USA v. Apodaca-Leyva
Criminal

District of New Mexico, nmd-2:2007-cr-01479-145977

MEMORANDUM OPINION AND ORDER by District Judge James O. Browning regarding the Defendant's Sentencing Memorandum and Request for Downward Adjustment {{21}}.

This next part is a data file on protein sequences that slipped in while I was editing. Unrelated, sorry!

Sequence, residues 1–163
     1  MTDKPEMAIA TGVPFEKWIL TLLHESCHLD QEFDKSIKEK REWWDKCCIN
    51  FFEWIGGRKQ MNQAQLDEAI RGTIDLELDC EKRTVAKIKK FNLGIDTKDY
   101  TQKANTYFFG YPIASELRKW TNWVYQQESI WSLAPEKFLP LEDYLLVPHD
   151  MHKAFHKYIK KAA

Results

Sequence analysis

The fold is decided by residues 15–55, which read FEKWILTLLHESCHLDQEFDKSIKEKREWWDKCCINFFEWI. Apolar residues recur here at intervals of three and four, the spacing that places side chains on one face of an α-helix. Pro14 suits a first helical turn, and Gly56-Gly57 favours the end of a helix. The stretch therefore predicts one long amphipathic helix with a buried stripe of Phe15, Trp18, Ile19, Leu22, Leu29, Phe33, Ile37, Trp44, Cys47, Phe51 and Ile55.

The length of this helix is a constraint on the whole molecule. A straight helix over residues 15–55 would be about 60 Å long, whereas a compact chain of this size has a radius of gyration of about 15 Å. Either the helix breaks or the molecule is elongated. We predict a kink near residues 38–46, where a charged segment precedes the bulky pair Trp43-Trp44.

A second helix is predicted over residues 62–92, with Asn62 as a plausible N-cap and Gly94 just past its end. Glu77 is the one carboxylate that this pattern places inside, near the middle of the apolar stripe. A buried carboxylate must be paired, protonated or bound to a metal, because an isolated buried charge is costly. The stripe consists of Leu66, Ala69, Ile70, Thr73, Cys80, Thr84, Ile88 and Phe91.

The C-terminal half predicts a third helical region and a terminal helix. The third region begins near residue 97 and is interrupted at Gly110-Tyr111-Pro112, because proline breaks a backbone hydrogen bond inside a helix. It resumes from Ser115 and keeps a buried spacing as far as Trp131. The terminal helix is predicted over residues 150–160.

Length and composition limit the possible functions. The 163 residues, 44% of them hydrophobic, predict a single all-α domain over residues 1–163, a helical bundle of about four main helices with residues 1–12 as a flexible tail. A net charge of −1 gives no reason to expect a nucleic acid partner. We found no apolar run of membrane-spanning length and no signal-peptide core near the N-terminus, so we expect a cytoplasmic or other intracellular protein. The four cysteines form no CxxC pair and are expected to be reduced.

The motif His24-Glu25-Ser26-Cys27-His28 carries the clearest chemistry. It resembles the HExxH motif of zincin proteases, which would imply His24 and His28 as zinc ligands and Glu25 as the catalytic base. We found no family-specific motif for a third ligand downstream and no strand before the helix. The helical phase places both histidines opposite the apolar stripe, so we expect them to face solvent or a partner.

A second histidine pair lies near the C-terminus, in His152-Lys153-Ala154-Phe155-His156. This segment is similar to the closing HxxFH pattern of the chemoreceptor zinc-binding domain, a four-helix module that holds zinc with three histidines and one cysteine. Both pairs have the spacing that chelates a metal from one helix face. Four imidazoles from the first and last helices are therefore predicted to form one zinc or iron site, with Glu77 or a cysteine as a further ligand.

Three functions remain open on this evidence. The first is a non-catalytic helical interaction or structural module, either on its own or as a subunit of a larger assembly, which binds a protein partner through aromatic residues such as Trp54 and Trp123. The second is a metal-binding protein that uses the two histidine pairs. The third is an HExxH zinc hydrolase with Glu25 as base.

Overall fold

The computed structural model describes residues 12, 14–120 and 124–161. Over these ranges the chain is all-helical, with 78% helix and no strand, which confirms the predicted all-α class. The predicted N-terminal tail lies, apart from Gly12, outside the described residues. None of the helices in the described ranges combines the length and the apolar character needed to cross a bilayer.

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8 IN THE UNITED STATES DISTRICT COURT FOR THE DISTRICT OF NEW MEXICO UNITED STATES OF AMERICA, Plaintiff, vs. No. CR 07-1479 JB JUAN MANUEL APODACA-LEYVA, Defendant. MEMORANDUM OPINION AND ORDER THIS MATTER comes before the Court on the Defendant's Sentencing Memorandum and Request for Downward Adjustment, filed December 18, 2007 (Doc. 21). The Court held a sentencing hearing for Juan Manuel Apodaca-Leyva on January 3, 2007. The primary issues are (i) whether the Presentence Investigation Report ("PSR") properly assigns Apodaca-Leyva a 16-level enhancement pursuant to U.S.S.G. § 2L1.2(b)(1)(A)(ii); (ii) whether a Criminal History Category of III seriously over-represents Apodaca-Leyva's criminal history; and (iii) whether Apodaca-Leyva is entitled to a variance. Because the Court believes that the 16-level enhancement was properly assessed, and that a criminal history category of III does not over-represent Apodaca-Leyva's criminal history, but because the Court believes that the factors in 18 U.S.C. § 3553(a) counsel for a variance, the Court will overrule Apodaca-Leyva's objection to the 16-level enhancement, deny his request for a departure, and will grant his request for a variance. The Court will sentence Apodaca-Leyva to 10 months imprisonment. FACTUAL BACKGROUND Apodaca-Leyva is fifty-three years old and is a citizen of Mexico. See Sentencing 8 Memorandum and Request for Downward Adjustment at 7, filed December 18, 2007 (Doc. 21)("Sentencing Memorandum"). He is before the Court for sentencing on the offense of illegal re-entry. See id. He has spent a considerable amount of his life in the United States. See id. Apodaca-Leyva has one felony conviction that is now eighteen years old. See PSR ¶ 20, at 6, disclosed on October 4, 2007. On March 9, 1990, Apodaca-Leyva pled guilty to two counts of aggravated assault. See id. ¶ 20, at 6. Apodaca-Leyva pled guilty to the two counts under Arizona Statute § 13-1204(A)(1). See id.; Sentencing Memorandum at 7-8. The charge was based on a DWI accident with injuries. See Sentencing Memorandum at 8. The accident occurred on August 26, 1989 and the conviction date was March 9, 1990. See id. Apodaca-Leyva's termination date was just under seven years ago. See id. He accepted responsibility for his DWI accident and received a sentence of two eight-year sentences that were run consecutively. See id. Apodaca-Leyva served eight years in prison and then was deported. See id. Apodaca-Leyva was awarded 3 criminal history points for his convictions for aggravated assault. See PSR ¶ 20, at 6. Apodaca-Leyva was also assessed a 16-level increase pursuant to U.S.S.G. 2L1.2(b)(1)(A)(ii) because he was previously deported after a conviction for a felony that is a crime of violence. See U.S.S.G. 2L1.2(b)(1)(A)(ii). Apodaca-Leyva also has one misdemeanor conviction for criminal damage to property in 2004. See Sentencing Memorandum at 8; PSR ¶ 21, at 8. Apodaca-Leyva's two-year term of probation for his criminal damage to property began March 9, 2007. See PSR ¶ 22, at 9. At the time of his arrest for this federal crime, Apodaca-Leyva was still under the criminal justice sentence for the misdemeanor. See Sentencing Memorandum at 8. Apodaca-Leyva received one criminal history point for his misdemeanor offense and then 2 additional points under U.S.S.G. ¶ 4A1.1(d) for being under a criminal justice sentence when he committed this offense. See PSR ¶ 22, at 9. -2- 8 PROCEDURAL BACKGROUND On July 18, 2007, Apodaca-Leyva pled guilty pursuant to a Non-Fast Track Plea Agreement to a one-count information charging a violation of 8 U.S.C. §§ 1326(a) and (b), that being re-entry of a removed alien. See United States' Response to Sentencing Memorandum and Request for Downward Adjustment at 1, filed December 20, 2007 (Doc. 22)("United States' Response"). After he pled guilty, a probation officer prepared a PSR. See PSR. Apodaca-Leyva's adjusted offense level was calculated to be 21, after assessing a 16-level enhancement and a 3-level reduction for his acceptance of responsibility. See PSR ¶¶ 12, 16-18, at 5-6. Apodaca-Leyva's criminal history category was calculated to be III. See id. ¶ 43, at 15. His Guideline sentence range is 46 to 57 months. See id. On December 21, 2007, Apodaca-Leyva filed a Sentencing Memorandum arguing that a 16- level enhancement for his eighteen-year old offense is not warranted, that a criminal history category of III over-represents the seriousness of his criminal history and that his case counsels for a variance. See Sentencing Memorandum. In his Sentencing Memorandum, Apodaca-Leyva also states that this case is on point with United States v. Lopez-Lopez, No. CR 04-2209 JB, a case the Court previously decided. See Sentencing Memorandum at 9. Apodaca-Leyva notes that his case involves the same statute as was at issue in United States v. Lopez-Lopez, and contains the same concern whether the violation of the relevant statute is properly defined as a crime of violence for the purposes of U.S.S.G. 2L1.2. See Sentencing Memorandum at 9. Apodaca-Leyva asks the Court to conduct the same analysis in his case as it did in United States v. Lopez-Lopez. See Sentencing Memorandum at 9. Apodaca-Leyva asks the Court to impose a similar reduction to his sentence as was given in United States v. Lopez-Lopez, so that he will be punished consistently with other defendants who are convicted of drunk driving in other states. See Sentencing Memorandum at 10. -3- 8 On December 20, 2007, the United States filed a response to Apodaca-Leyva's Sentencing Memorandum. See United States' Response. The United States argued that the United States Probation Office ("USPO") correctly calculated the offense level, that Apodaca-Leyva's criminal history category of III does not over-represent his criminal history, and that a variance is warranted because an imposition of a sentence within the advisory Guideline range would result in unwarranted sentencing disparities. See id. at 3-6. The United States noted that, when a defendant is convicted on illegal re-entry and the most serious prior offense he has committed is DWI, the base-offense level is enhanced by 4 levels. See id. at 5; U.S.S.G. § 2L1.2(b)(1)(D). After accounting for such a defendant's acceptance of responsibility, the adjusted offense level is 10. See id. The United States points out that Apodaca-Leyva's most serious prior offense was, essentially, DWI, although Arizona labels the offense "Aggravated Assault." Id. The United States argues that a variance is warranted because, had Arizona labeled Apodaca-Leyva's crime as DWI, his advisory Guideline range, with an adjusted offense level of ten and a criminal history category of III, would have been 10 to 16 months rather than 46 to 57 months imprisonment. See id. at 5-6. Thus, the United States argues that a proper sentence for Apodaca-Leyva would be within the advisory Guideline range of 10 to 16 months. See id. at 6. On January 3, 2008, the USPO wrote an Addendum to the PSR. See PSR, Addendum to the Presentence Report at 1 ("Addendum"). The Addendum responded to Apodaca-Leyva's Sentencing Memorandum by stating that a downward departure is not warranted in this case. See Addendum at 1. Specifically, the USPO noted that Apodaca-Leyva's convictions consist of two counts of aggravated assault and criminal damage to property. See id. The USPO also stated that Apodaca- Leyva was charged with Driving While Under the Influence in 2004, and Aggravated Assault with a Deadly Weapon in February 2007. See id. These cases remain pending with active warrants. See -4- 8 id. The USPO noted that, based upon Apodaca-Leyva's prior convictions and pending charges, that a downward departure does not appear to be warranted. See id. U.S.S.G. § 2L1.2 AND CRIMES OF VIOLENCE U.S.S.G. § 2L1.2 assess a 16-level enhancement on any defendant who re-enters and was previously deported after committing a crime of violence. U.S.S.G. § 2L1.2 states in relevant part: (b) Specific Offense Characteristic (1) Apply the Greatest: If the defendant previously was deported, or unlawfully remained in the United States, after-- (A) a conviction for a felony that is (i) a drug trafficking offense for which the sentence imposed exceeded 13 months; (ii) a crime of violence; (iii) a firearms offense; (iv) a child pornography offense; (v) a national security or terrorism offense; (vi) a human trafficking offense; or (vii) an alien smuggling offense, increase by 16 levels; U.S.S.G. § 2L1.2. Section 2L1.2 of the Guidelines states that a "'Crime of violence' means any of the following: . . . aggravated assault. . . or any offense under federal, state, or local law that has as an element the use, attempted use, or threatened use of physical force against the person of another." U.S.S.G. § 2L1.2 cmt. n. 1(B)(iii)(2003)(emphasis added). When determining if a prior conviction qualifies as a sentencing enhancement under the Sentencing Guidelines, "a court must only look to the statutory definition, not the underlying circumstances of the crime." United States v. Venegas- Ornelas, 348 F.3d 1273, 1275 (10th Cir. 2003)(quoting United States v. Reyes-Castro, 13 F.3d 377, 379 (10th Cir. 1993)) cert. denied, 543 U.S. 986 (2004). According to Application Note 1 to U.S.S.G. § 2K1.2, there are two requirements for an offense to qualify as a crime of violence: (i) the offense must be "murder, manslaughter, kidnaping, aggravated assault, forcible sex offenses, statutory rape, sexual abuse of a minor, robbery, arson, -5- 8 extortion, extortionate extension of credit, burglary of a dwelling"; or (ii) the offense must be "any offense under federal, state, or local law that has as an element the use, attempted use, or threatened use of physical force against the person of another." U.S.S.G. § 2K1.2, app. n.1. As the text of Note 1 reveals, the requirements of a crime of violence are disjunctive. See id. Note 1 uses the word "or" to separate the two requirements, indicating that a crime of violence can be satisfied by an offense that meets either requirement. Id. Indeed, a recent amendment to the commentary to the Sentencing Guidelines placed "or" within the crime of violence definition, in place of the word "and," to make it clear that the requirements were disjunctive. See United States v. Munguia-Sanchez, 365 F.3d 877, 882 (10th Cir. 2004). As the Sentencing Commission explained:"The previous definition often led to confusion over whether the specified offenses listed in that definition [of crime of violence], particularly sexual abuse of a minor and residential burglary, also had to include as an element of the offense 'the use, attempted use, or threatened use of physical force against the person of another.'" Id. (quoting U.S.S.G. app. C (vol. II), amend. 658, at 401-402 (Supp. 2003)). To remedy this misunderstanding, "[t]he amended definition makes clear that the enumerated offenses are always classified as 'crimes of violence,' regardless of whether the prior offense expressly has as an element the use, attempted use, or threatened use of physical force against the person of another." See United States v. Munguia-Sanchez, 365 F.3d at 882 (quoting U.S.S.G. app. C (vol. II), amend. 658, at 401-02 (Supp. 2003))(emphasis added). Furthermore, the Tenth Circuit has ruled that the two requirements are disjunctive: [T]he "crime of violence" definition lists several offenses that do not require the proof of the use or threatened or attempted use of force. . . . The fact that those offenses are "crimes of violence" indicates that the definition is disjunctive; the contrary reading -- that an offense must satisfy both subparts – would mean, nonsensically, that those offenses could not be crimes of violence, even though they are specifically listed as such. -6- 8 United States v. Munguia-Sanchez, 365 F.3d 877, 880-82 (10th Cir. 2004). ARIZONA STATUTES §§ 13-1203, 13-1204 A person commits assault by: "[i] Intentionally, knowingly or recklessly causing any physical injury to another person; or [ii] Intentionally placing another person in reasonable apprehension of imminent physical injury; or [iii] Knowingly touching another person with the intent to injure, insult or provoke such person." Ariz. Rev. Stat. § 13-1203(A). Arizona statute § 13-1204 states in relevant part: A person commits aggravated assault if the person commits assault as prescribed by § 13-1203 under any of the following circumstances: 1. If the person causes serious physical injury to another. 2. If the person uses a deadly weapon or dangerous instrument. 3. If the person commits the assault by any means of force that causes temporary but substantial disfigurement, temporary but substantial loss or impairment of any body organ or part or a fracture of any body part. Ariz. Rev. Stat. § 13-1204(A). In United States v. Lopez-Lopez, No. CR 04-2299, the defendant objected to the 16-level enhancement assessed by the PSR based on his prior conviction under Arizona Revised Statute § 13-1204. See Memorandum and Opinion at 10, filed October 11, 2005 (Doc. 41)("Memorandum Opinion and Order"). The Defendant, Lopez-Lopez, argued that Arizona's aggravated assault statute fell short of being a crime of violence, because it did not have as an element the use or threatened use of physical force. See id. at 11. The Court noted that Arizona defines aggravated assault as an assault committed in one of thirteen ways, including an assault that "causes serious physical injury to another." Ariz. Rev. Stat. § 13-1204(A)(1). The Court in United States v. Lopez-Lopez also noted that the underlying offense, assault, -7- 8 is defined as "[i]ntentionally, knowingly or recklessly causing any physical injury to another person." Ariz. Rev. Stat. § 13-1203. The Court acknowledged that, as the statute indicates, using or threatening to use physical force is not required to complete the crime of aggravated assault in Arizona. See Memorandum Opinion and Order at 11. The Court stated: "Assuming that Arizona's aggravated assault statute does not have as an element the use or threatened use of physical force, the primary issue is whether the Guidelines require that the statutory definition of the offense include the use or threatened use of physical violence for the offense to be a crime of violence." Id. The Court in United States v. Lopez-Lopez held that, because the crime of violence statute requirements are disjunctive, a crime of violence "could be either one of the enumerated offenses or any offense that has as an element the use, attempted use, or threatened use of physical force against the person of another." Id. (emphasis added). The Court held that Lopez-Lopez' conviction under Arizona's aggravated assault statute was a crime of violence pursuant to U.S.S.G. §2L1.2(b)(1)(A)(ii), because his crime was one of the enumerated crimes listed in the first part of Note 1. See Memorandum Opinion and Order at 13-14. The Court reasoned that, "[b]ecause the enumerated offenses are always classified as crimes of violence, Arizona's crime of aggravated assault is a crime of violence under U.S.S.G. § 2L1.2(b)(1)(A)(ii)." Id. Although Lopez-Lopez urged the Court to look beyond the name that the Arizona Legislature has given the crime to its substance, the Court declined to "peek behind the curtain of Arizona's aggravated assault statute for purposes of the Guidelines." Memorandum Opinion and Order at 14. The Court overruled Lopez-Lopez' objection to the 16-level enhancement. See id. RELEVANT LAW REGARDING SENTENCING GUIDELINES In United States v. Booker, 543 U.S. 220 (2005), the Supreme Court of the United States severed the mandatory provisions from the Federal Sentencing Act, thus making the Guidelines -8- 8 effectively advisory. In excising the two sections, the Supreme Court left the remainder of the Act intact, including 18 U.S.C. § 3553: "Section 3553(a) remains in effect, and sets forth numerous factors that guide sentencing. Those factors in turn will guide appellate courts, as they have in the past, in determining whether a sentence is unreasonable." 543 U.S. at 261. Congress has directed sentencing courts to impose a sentence "sufficient, but not greater than necessary" to comply with four statutorily defined purposes enumerated in 18 U.S.C. § 3553(a)(2): (A) to reflect the seriousness of the offense, to promote respect for the law, and to provide just punishment for the offense; (B) to afford adequate deterrence to criminal conduct; (C) to protect the public from further crimes of the defendant; and (D) to provide the defendant with needed educational or vocational training, medical care, or other correctional treatment in the most effective manner. . . . 18 U.S.C. § 3553(a)(2)(A)-(D). See 18 U.S.C. § 3551 ("[A] defendant who has been found guilty of an offense described in any Federal statute. . . shall be sentenced in accordance with the provisions of this chapter so as to achieve the purposes set forth in subparagraphs (A) through (D) of section 3553(a)(2) to the extent that they are applicable in light of all the circumstances of the case."). To achieve these purposes, 18 U.S.C. § 3553(a) directs sentencing courts to consider: (i) the Guidelines; (ii) the nature of the offense and the defendant's character; (iii) the available sentences; (iv) a policy favoring uniformity in sentences for defendants who commit similar crimes; and (v) the need to provide restitution to victims. See 18 U.S.C. § 3553(a)(1), (3)-(7). Although the Guidelines are no longer mandatory, both the Supreme Court and the United States Court of Appeals for the Tenth Circuit have clarified that, while the Guidelines are one of several factors enumerated in 18 U.S.C. § 3553(a), they are entitled to considerable deference. See Rita v. United States, 127 S. Ct. 2456, 2464 (2007)("The Guidelines as written reflect the fact that -9- 8 the Sentencing Commission examined tens of thousands of sentences and worked with the help of many others in the law enforcement community over a long period of time in an effort to fulfill [its] statutory mandate."); United States v. Cage, 451 F.3d 585, 593 (10th Cir. 2006)(describing the Guidelines as more than "just one factor among many"). They are significant because "the Guidelines are an expression of popular political will about sentencing that is entitled to due consideration. . . [and] represent at this point eighteen years' worth of careful consideration of the proper sentence for federal offenses." United States v. Cage, 451 F.3d at 593 (internal quotations omitted). A reasonable sentence is one that also "avoid[s] unwarranted sentence disparities among defendants with similar records who have been found guilty of similar conduct." 18 U.S.C. § 3553(a). See United States v. Booker, 543 U.S. at 261-62. The Tenth Circuit has "joined a number of other circuits in holding that a sentence within the applicable Guidelines range is presumptively reasonable." United States v. Terrell, 445 F.3d 1261, 1264 (10th Cir. 2006). This presumption, however, is an appellate presumption, not one that the trial court can or should apply. See Rita v. United States, 127 S. Ct. at 2463; Gall v. United States, 128 S.Ct. 586, 591 (2007); Kimbrough v. United States, 128 S.Ct. 558, 564 (2007). Instead, the trial court must undertake the § 3553(a) balancing of factors without any presumption in favor of the advisory guideline sentence. See Rita v. United States, 127 S. Ct. at 2463; Gall v. United States, 128 S.Ct. 586, 591 (2007); Kimbrough v. United States, 128 S.Ct. 558, 564 (2007). While the Supreme Court's decision in United States v. Booker has given the sentencing court discretion that it did not have earlier, the sentencing court's first task remains to accurately and correctly determine the advisory-guideline sentence. Thus, before the sentencing court takes up a defendant's Booker arguments, the sentencing court must first determine whether the defendant is entitled to downward departures. The sentencing court may, however, also use these same departure -10- 8 factors in the Booker calculus, even if the court does not grant a downward departure. ANALYSIS The Court previously decided in United States v. Lopez-Lopez that a conviction for aggravated assault under Arizona Statute § 13-1204 is a crime of violence and should be considered as such under U.S.S.G. § 2L1.2. The Court, therefore, overrules Apodaca-Leyva's objection to the PSR's assessment of a 16-level enhancement. Furthermore, the Court was before Booker -- and remains after Booker -- authorized to consider the relevancy of the factors that Apodaca-Leyva raises as grounds for departure. The Court believes, however, that Apodaca-Leyva's criminal- history score is not over-representative of his past and future criminal activity, and thus he is not entitled to a downward departure. The Court also believes that it is appropriate to grant Apodaca- Leyva a variance from the Guideline sentence to avoid disparity between Apodaca-Leyva's sentence and those of other defendants with similar criminal backgrounds who have committed similar crimes. Thus, the Court will overrule Apodaca-Leyva's objection, will not grant him a departure, but will grant him a variance. I. THE COURT WILL OVERRULE APODACA-LEYVA'S OBJECTION TO THE PROBATION OFFICER'S FINDING THAT HIS EIGHTEEN-YEAR OLD AGGRAVATED ASSAULT CONVICTION MERITS A 16-LEVEL ENHANCEMENT. It is clear that Apodaca-Leyva's primary problem is the 16-level increase. The Court has already addressed this issue, under the same Arizona Statute, in United States v. Lopez-Lopez and found that a 16-level enhancement was appropriate. Thus, because Apodaca-Leyva does not raise any new arguments that the Court has not already addressed in United States v. Lopez-Lopez, and because the relevant situation has not changed since the Court issued that opinion, the Court will overrule Apodaca-Leyva's objection to the 16-level enhancement assessed to him in the PSR. -11- 8 A. THE COURT FINDS, BY A PREPONDERANCE OF THE EVIDENCE, THAT APODACA-LEYVA WAS CHARGED WITH THE CRIME OF AGGRAVATED ASSAULT. At the sentencing hearing, Apodaca-Leyva informed the Court that he was not objecting to the PSR's inclusion of his DWI conviction or his criminal damage conviction. See Tr. at 9:12-10:2 (Court & Whitley). Apodaca-Leyva states that he does not object to the two convictions for which he was assessed criminal offense points and admits that he pled guilty to both of those charges. See id. at 10:5-9 (Court & Whitley). The PSR indicates that Apodaca-Leyva pled guilty to two counts of Aggravated Assault. See PSR ¶ 20, at 6. Counts I and II of the Indictment for these offenses charged that Apodaca-Leyva intentionally, knowingly, or recklessly caused a serious physical injury to two victims. See id. at 7. The Court finds, therefore, by a preponderance of the evidence, and Apodaca-Leyva does not dispute, that Apodaca-Leyva was charged with the crime of aggravated assault. B. THE COURT CORRECTLY DECIDED THAT THE 16-LEVEL ENHANCEMENT WAS APPROPRIATE IN UNITED STATES V. LOPEZ- LOPEZ AND WILL ACCORDINGLY OVERRULE APODACA-LEYVA'S OBJECTION. Rather than belaboring the same points that Mr. William Parnall and Assistant United States Attorney Norman Cairns argued before the Court in United States v. Lopez-Lopez, Apodaca-Leyva merely asserts that his case is "right on point with Lopez-Lopez in almost all respects." Sentencing Memorandum at 9. As in United States v. Lopez-Lopez, Apodaca-Leyva's case deals with the same statute that Lopez-Lopez' counsel argued did not constitute a crime of violence as in the traditional or "common characteristics of an Aggravated Assault charge (i.e. an intentional act that causes the use of force against another)." Sentencing Memorandum at 9 (citing Leocal v. Ashcroft, 543 U.S. 1, 9-10 (2004)(determining that a Florida DWI conviction does not contain the element of intent that -12- 8 Congress contemplated in creating the 16-level enhancement for a crime of violence)). Apodaca- Leyva and his counsel are raising this matter because they are of the belief that Leocal v. Ashcroft is the correct interpretation of the law concerning what is in effect a DWI with injuries. See Sentencing Memorandum at 9. Apodaca-Leyva also contends that the facts of his prior felony case, as presented in the PSR, make it clear that the basis for his prior conviction was his driving while under the influence of alcohol and that the injuries that resulted did not arise from an intentional act or from recklessness. See Sentencing Memorandum at 9. Apodaca-Leyva maintains that the statute to which he pled guilty was considered an aggravated assault because he was in an accident that "caused serious physical injury." Id. at 8. At the sentencing hearing, Apodaca-Leyva's counsel conceded that the situation regarding the Arizona Statute had not changed since the Court decided United States v. Lopez-Lopez, and that he does not raise any arguments regarding the 16-level enhancement that the Court's opinion in United States v, Lopez-Lopez had not already addressed. See Tr. 6:3-6 (Whitley), id. at 6:13-15 (Court & Whitley). At the hearing the United States stated that it agreed with the Court's analysis in United States v. Lopez-Lopez. See Tr. 8:19-23 (Court & Martinez). The USPO stated that it agreed with the Court's decision in United States v. Lopez-Lopez and that it was not aware of any relevant new law since the Court's decision in that case. See Tr. 8:11-13 (Luna). The Court believes, therefore, that its decision in United States v. Lopez-Lopez still stands and accordingly will overrule Apodaca-Leyva's objection to the 16-level enhancement. Because Apodaca-Leyva was convicted of aggravated assault, one of the enumerated offenses in Note 1 of U.S.S.G. 2L1.2, making his offense a crime of violence, the Court believes that a 16-level enhancement is appropriate. The Court will, however, take Apodaca-Leyva's arguments on this -13- 8 point into consideration when deciding whether a variance is appropriate. II. THE CRIMINAL HISTORY CATEGORY OF III, WITH 6 CRIMINAL HISTORY POINTS, DOES NOT SUBSTANTIALLY OVER-REPRESENT THE SERIOUSNESS OF APODACA-LEYVA'S CRIMINAL HISTORY. Apodaca-Leyva argues that, if the Court does not grant him a "deviation" or variance based on Booker factors, the Criminal History Category of III substantially over-represents his criminal history and unreasonably raises the advisory guideline sentence. See Sentencing Memorandum at 7. Apodaca-Leyva points out that he has one felony conviction, that is approximately eighteen-years old, for aggravated assault and one misdemeanor conviction for criminal damage to property, which puts him in criminal history category III. See id. Apodaca-Leyva argues that a criminal-history category of II would be more appropriate considering his single felony conviction. See id. At the sentencing hearing, Apodaca-Leyva's counsel stated, in response to the Court's question about his motion for a downward departure in his criminal history, that "Mr. Apodaca-Leyva is not out of the heartland [of cases] so I think our primary argument is. . . under. . . Booker." Tr. at 10:20-25 (Whitley). The United States stated that a criminal history category of III was appropriate for Apodaca-Leyva. See Tr. 11:18-20 (Martinez); Sentencing Memorandum at 4. The Court will treat Apodaca-Leyva's request as one for a downward departure under U.S.S.G. § 4A1.3. U.S.S.G. § 4A1.3 states: "Standard for Downward Departure. -- If reliable information indicates that the defendant's criminal history category substantially over-represents the seriousness of the defendant's criminal history or the likelihood that the defendant will commit other crimes, a downward departure may be warranted." U.S.S.G. § 4A1.3. Accordingly, the Court will deny Apodaca-Leyva's request for a downward departure on the basis of his criminal history points. The Court believes that the age of his prior felony conviction is more appropriately addressed through a Booker argument rather than a request for a downward departure. The Court also notes -14- 8 that the two crimes that comprise Apodaca-Leyva's criminal history score are serious criminal encounters. Given these two convictions, a DWI charge in 2004 and a charge of assault with a deadly weapon in 2007, the Court cannot say that a criminal history score of III over-represents Apodaca-Leyva's past or possible future criminal conduct. Thus, the Court finds that Apodaca- Leyva is within the heartland that the sentencing guideline commission uses and that his criminal history category of III is not so extraordinarily different from others with a criminal history score of III that the Court should depart downward to a criminal history score of II. Thus, the Court will not depart in Apodaca-Leyva's case. III. THE COURT WILL GRANT A VARIANCE FROM THE GUIDELINE SENTENCE. Apodaca-Leyva's counsel asks the Court to consider a substantial reduction in his client's sentence based on his objection to the categorization of his particular crime as a crime of violence and, further, based on the factors that the court must consider under § 3553(a) and United States v. Booker. Specifically, Apodaca-Leyva asks the Court for a variance down to an offense level of 10. See Tr. at 13:2-17 (Court & Whitley). Apodaca-Leyva believes that a variance to an offense level of 10 is appropriate, because such a sentence would avoid creating a disparity between him and other defendants who are charged with aggravated DWI with injuries. See id. at 13:12-17 (Whitley). Apodaca-Leyva suggests that the Court arrive at this offense level by treating Apodaca-Leyva like he has a base offense level of 8 enhanced by 4 for the DWI conviction. See Tr. at 13:18-24 (Court & Whitley). Apodaca-Leyva contends that the defendant in United States v. Lopez-Lopez is an almost identically situated defendant and that the Court should allow Apodaca-Leyva a similar variance. See Sentencing Memorandum at 10. Apodaca-Leyva states that, if the Court grants the variance that he requests, the sentence would put him very close to the sentence that the Court gave in United -15- 8 States v. Lopez-Lopez and that he would be more similarly situated to other defendants with a similar criminal history. See id. In light of the views that the Court expressed in United States v. Lopez-Lopez, Apodaca-Leyva implores the Court to make the same analysis in his case. See id. at 9. In its response to Apodaca-Leyva's Sentencing Memorandum, the United States agreed that a variance is warranted in Apodaca-Leyva's case. See United States' Response at 4. The United States argues that such a variance is warranted because the imposition of a sentence within the advisory Guideline range of 46 to 57 months would result in unwarranted sentencing disparities. See id. The United States notes that Apodaca-Leyva's felony conviction is nearly eighteen years old and that, when a defendant is convicted of illegal re-entry and the most serious prior offense he has committed is driving while intoxicated, the base offense level of 8 is enhanced by 4 levels. See id. (citing U.S.S.G. § 2L1.2(b)(1)(D)). The United States argues that Apodaca-Leyva's most serious prior offense is, essentially, driving while intoxicated but that Arizona has chosen to label his offense as "Aggravated Assault." United States' Response at 4; Ariz. Rev. Stat. § 13-1204. The United States acknowledges that, if Arizona had labeled this crime Driving While Intoxicated, Apodaca-Leyva's adjusted offense level would have been 10 and his advisory Guideline sentence would have been 10 to 16 months. See United States' Response at 6. The United States contends that, like the Court in United States v. Lopez-Lopez, it is concerned about inconsistent sentences among similarly situated defendants. See United States Response at 6. Because the Court believes that the factors of 18 U.S.C. 3553(a) counsel in favor of a variance, the Court will grant a substantial variance in Apodaca-Leyva's case. The Court will sentence Apodaca-Leyva to 10 months imprisonment. The Court has considered the Guidelines as well as other sentencing goals. Specifically, the -16- 8 Court has considered the Guideline sentencing range established for the applicable category of defendant. The Court notes that the issue presented by Apodaca-Leyva regarding Arizona Statute § 12-1304 has come before the Court a number of times. The Court also acknowledges that, when a defendant is convicted of illegal re-entry and the most serious prior offense he has committed is Driving While Intoxicated, the base offense level is increased by 4 levels, and after taking into account the acceptance of responsibility, the adjusted offense level is 10. In Apodaca-Leyva's situation, although his most serious prior offense is Driving While Intoxicated, the way the offense is labeled by the Arizona Legislature makes his offense an Aggravated Assault. The labeling of the offense causes Apodaca-Leyva to be assessed a 16-level enhancement. The Court has analyzed this issue several times and believes that it is correct to categorize the Arizona conviction as a crime of violence, but to vary in order to be more consistent with other DWI sentencings throughout the country. Taking this difference of names into consideration, the Court believes that the punishment set forth in the Guidelines is not appropriate for this offense. The Court has considered the kinds of sentences and ranges established by the Guidelines, and believes that granting a variance, so as to treat the enhancement for Apodaca-Leyva's prior conviction like a 4-level increase, is consistent with what the Court has done in the past. A sentence at the low end of the Guideline range of 10 months reflects the seriousness of the offense, promotes respect for the law, provides just punishment, affords adequate deterrence, protects the public, and otherwise fully reflects the factors in 18 U.S.C. § 3553(a). A sentence of 10 months is reasonable and is one that does not create sentencing disparities between similarly situated defendants. The sentence is sufficient without being greater than is necessary to comply with the purposes of the punishment set forth in the Sentencing Reform Act. The age of the prior felony conviction, approximately eighteen-years old, provides an additional basis for a variance in this case. Some -17- 8 enhancement is appropriate for Apodaca-Leyva's criminal history, but a 16-level enhancement is too great, and a sentence of 10 months best reflects his criminal past without unduly emphasizing his past felony conviction as a crime of violence. IT IS ORDERED that the Defendant's objection to the PSR's assessment of a 16-level enhancement pursuant to U.S.S.G. § 2L1.2 is overruled. The Defendant's request for a downward departure in his criminal history score is denied. The Court will grant the Defendant's request for a variance and sentence him to 10 months imprisonment. _______________________________ UNITED STATES DISTRICT JUDGE Counsel: Kimberly A. Brawley Assistant United States Attorney United States Attorney's Office for the District of New Mexico Albuquerque, New Mexico Attorney for the Plaintiff L. Val Whitley Santa Fe, New Mexico Attorney for the Defendant -18-